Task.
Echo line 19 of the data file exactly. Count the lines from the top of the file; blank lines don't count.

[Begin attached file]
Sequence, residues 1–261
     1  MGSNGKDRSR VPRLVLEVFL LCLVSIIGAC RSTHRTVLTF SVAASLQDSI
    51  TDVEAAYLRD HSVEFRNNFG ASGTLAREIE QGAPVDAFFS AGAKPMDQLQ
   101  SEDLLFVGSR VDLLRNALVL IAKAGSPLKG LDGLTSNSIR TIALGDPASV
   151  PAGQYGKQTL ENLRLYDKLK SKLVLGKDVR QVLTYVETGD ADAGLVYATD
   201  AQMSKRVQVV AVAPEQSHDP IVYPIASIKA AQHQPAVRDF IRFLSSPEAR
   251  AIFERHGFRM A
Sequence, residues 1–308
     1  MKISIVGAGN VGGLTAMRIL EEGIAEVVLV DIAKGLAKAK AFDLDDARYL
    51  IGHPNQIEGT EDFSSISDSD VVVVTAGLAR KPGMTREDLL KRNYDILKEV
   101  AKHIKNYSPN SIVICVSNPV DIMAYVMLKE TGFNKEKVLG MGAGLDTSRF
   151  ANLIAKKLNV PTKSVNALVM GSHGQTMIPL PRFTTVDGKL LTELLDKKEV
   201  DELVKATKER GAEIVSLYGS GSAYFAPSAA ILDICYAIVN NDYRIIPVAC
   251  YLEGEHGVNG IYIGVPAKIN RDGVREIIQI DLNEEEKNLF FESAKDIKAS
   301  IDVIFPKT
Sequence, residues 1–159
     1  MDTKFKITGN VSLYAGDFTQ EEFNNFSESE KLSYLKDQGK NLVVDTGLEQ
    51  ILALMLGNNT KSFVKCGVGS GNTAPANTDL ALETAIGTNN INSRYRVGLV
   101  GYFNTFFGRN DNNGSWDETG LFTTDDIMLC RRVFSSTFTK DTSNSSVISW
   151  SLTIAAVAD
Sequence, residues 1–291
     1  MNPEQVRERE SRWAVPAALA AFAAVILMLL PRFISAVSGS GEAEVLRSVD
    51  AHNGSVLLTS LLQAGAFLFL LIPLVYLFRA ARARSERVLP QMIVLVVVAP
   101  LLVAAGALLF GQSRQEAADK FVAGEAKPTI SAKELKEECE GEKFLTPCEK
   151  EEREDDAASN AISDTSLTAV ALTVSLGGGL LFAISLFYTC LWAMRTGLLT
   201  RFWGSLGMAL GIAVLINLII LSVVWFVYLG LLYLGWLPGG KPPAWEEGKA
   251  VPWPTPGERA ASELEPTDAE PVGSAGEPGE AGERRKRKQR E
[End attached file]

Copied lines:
   101  GYFNTFFGRN DNNGSWDETG LFTTDDIMLC RRVFSSTFTK DTSNSSVISW